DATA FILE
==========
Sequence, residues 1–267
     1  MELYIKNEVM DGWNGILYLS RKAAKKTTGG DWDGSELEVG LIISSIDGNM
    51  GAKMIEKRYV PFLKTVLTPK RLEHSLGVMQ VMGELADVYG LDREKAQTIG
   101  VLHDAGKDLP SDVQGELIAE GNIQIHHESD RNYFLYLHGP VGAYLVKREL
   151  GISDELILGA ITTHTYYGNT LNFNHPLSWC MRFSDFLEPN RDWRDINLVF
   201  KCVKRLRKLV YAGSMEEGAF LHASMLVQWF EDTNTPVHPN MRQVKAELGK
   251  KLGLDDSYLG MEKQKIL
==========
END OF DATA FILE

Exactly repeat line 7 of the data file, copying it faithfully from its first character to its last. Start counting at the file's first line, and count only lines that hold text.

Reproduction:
   251  KLGLDDSYLG MEKQKIL